In the wake of the NSA leak by former systems administrator Edward Snowden, how can organizations limit the amount of data access offered to those managing IT systems? Former CIA CISO Robert Bigman explains.
Improper disposal of protected health information poses significant risks, as recent breach incidents demonstrate. That's why organizations need to do a better job vetting disposal companies and verifying that data or devices are actually destroyed.
What do TV's The Big Bang Theory, the computer game Call of Duty and traveling have in common? They're the top leisure pursuits enjoyed by IT security professionals. But what are other common attributes?
After organizations update their policies and procedures to comply with the new breach notification requirements of HIPAA Omnibus, they must thoroughly test their response plans, attorney Ellen Giblin stresses.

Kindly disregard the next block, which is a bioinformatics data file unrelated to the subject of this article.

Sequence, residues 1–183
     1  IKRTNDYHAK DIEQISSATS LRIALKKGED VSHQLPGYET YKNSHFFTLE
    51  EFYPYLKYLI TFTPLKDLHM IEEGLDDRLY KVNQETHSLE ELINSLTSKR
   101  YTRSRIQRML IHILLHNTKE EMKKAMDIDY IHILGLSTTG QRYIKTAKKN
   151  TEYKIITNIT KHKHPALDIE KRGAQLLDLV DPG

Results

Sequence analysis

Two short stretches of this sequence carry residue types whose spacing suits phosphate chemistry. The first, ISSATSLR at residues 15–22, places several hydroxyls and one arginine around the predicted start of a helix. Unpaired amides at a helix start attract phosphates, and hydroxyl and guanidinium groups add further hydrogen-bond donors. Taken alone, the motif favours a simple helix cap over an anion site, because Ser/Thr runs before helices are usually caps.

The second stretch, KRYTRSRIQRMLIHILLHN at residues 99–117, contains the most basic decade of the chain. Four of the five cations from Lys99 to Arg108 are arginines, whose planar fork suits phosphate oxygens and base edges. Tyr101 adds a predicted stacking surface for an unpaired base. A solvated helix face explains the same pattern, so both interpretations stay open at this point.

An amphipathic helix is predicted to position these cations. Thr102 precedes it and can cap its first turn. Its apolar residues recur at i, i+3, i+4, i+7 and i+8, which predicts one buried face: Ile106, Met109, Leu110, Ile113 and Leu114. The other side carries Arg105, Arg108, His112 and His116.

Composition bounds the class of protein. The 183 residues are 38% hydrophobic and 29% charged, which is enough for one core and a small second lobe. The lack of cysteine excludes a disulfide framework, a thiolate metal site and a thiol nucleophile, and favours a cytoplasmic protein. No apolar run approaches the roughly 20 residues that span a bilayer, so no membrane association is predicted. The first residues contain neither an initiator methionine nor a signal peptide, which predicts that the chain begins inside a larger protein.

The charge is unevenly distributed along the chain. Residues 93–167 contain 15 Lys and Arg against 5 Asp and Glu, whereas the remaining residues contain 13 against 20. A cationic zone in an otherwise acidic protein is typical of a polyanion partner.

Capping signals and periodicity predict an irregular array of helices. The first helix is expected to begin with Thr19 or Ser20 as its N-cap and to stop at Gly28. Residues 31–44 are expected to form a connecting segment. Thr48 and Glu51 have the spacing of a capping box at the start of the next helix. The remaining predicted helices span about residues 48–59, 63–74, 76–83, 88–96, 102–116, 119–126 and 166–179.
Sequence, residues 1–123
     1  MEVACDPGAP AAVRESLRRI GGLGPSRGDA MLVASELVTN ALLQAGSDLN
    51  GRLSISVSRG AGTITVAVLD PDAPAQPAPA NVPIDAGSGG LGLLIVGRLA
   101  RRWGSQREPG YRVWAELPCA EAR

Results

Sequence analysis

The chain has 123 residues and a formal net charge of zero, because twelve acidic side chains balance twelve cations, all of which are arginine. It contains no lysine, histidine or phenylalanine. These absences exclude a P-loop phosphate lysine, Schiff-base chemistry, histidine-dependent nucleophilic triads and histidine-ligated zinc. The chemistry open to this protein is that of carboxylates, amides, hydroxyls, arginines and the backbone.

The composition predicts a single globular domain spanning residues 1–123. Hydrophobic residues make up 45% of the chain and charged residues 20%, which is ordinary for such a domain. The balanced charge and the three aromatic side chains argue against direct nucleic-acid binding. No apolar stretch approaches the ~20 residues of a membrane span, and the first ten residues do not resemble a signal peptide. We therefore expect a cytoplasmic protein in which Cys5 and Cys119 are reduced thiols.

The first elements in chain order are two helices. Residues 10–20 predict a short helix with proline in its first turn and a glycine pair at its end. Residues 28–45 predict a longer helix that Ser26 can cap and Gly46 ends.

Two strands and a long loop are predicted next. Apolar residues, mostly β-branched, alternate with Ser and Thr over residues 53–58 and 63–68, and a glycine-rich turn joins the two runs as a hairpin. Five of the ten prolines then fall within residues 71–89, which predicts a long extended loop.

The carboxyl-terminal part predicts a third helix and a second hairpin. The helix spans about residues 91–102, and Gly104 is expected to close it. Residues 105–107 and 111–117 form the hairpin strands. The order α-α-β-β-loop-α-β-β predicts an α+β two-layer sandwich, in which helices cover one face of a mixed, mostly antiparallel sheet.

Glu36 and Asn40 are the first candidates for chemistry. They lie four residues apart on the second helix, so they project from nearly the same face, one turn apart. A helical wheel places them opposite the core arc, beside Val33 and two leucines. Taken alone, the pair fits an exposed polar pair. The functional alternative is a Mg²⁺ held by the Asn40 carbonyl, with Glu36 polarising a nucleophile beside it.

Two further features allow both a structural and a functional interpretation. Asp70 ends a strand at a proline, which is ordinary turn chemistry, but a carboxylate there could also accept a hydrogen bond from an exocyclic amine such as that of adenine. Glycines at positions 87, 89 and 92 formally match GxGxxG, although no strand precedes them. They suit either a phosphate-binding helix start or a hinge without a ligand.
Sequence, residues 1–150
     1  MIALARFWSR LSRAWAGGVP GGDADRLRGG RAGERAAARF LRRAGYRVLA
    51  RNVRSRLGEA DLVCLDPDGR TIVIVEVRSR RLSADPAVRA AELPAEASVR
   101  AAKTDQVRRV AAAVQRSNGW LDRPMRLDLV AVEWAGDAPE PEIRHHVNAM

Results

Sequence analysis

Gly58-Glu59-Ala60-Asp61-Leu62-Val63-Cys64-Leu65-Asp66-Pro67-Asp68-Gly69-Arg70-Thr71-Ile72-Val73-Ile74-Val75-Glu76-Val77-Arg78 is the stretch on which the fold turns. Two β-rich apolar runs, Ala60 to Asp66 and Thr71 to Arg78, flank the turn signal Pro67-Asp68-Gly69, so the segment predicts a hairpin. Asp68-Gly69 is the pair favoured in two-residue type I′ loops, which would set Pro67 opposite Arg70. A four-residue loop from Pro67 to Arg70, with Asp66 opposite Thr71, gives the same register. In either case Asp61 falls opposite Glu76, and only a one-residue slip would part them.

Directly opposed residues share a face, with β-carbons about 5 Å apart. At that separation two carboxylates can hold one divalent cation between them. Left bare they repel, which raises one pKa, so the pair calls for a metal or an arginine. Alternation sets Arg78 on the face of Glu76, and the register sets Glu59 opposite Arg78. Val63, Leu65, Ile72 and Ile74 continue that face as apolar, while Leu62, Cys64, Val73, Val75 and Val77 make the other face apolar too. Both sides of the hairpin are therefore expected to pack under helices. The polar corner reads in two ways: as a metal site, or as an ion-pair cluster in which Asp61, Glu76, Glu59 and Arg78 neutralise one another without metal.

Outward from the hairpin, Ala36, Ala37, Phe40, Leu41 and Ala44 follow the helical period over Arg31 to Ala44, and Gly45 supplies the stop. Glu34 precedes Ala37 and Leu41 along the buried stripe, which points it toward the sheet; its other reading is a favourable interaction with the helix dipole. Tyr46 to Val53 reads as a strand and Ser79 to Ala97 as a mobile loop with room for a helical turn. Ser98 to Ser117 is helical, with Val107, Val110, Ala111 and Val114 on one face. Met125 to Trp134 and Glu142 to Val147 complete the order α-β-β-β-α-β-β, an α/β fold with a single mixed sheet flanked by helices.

A judge finds WikiLeaks leaker Bradley Manning not guilty of aiding the enemy but convicts him on other charges. How will the mixed verdict sway NSA whistleblower Edward Snowden's decision on whether to remain on the lam?
How were four Russians and a Ukrainian allegedly able to steal more than 160 million payment card numbers from corporate networks over seven years? An indictment announced by U.S. Attorney Paul J. Fishman provides details.
In this week's roundup, University of Virginia students' Social Security numbers were exposed on mailed health insurance brochures. Also, a California hospital reports a case of inappropriate records access by a staff member.
The National Security Agency is piloting a new program, as a result of the Edward Snowden incident, in which systems administrators with top-secret clearance can access certain secret documents only with the approval of another colleague.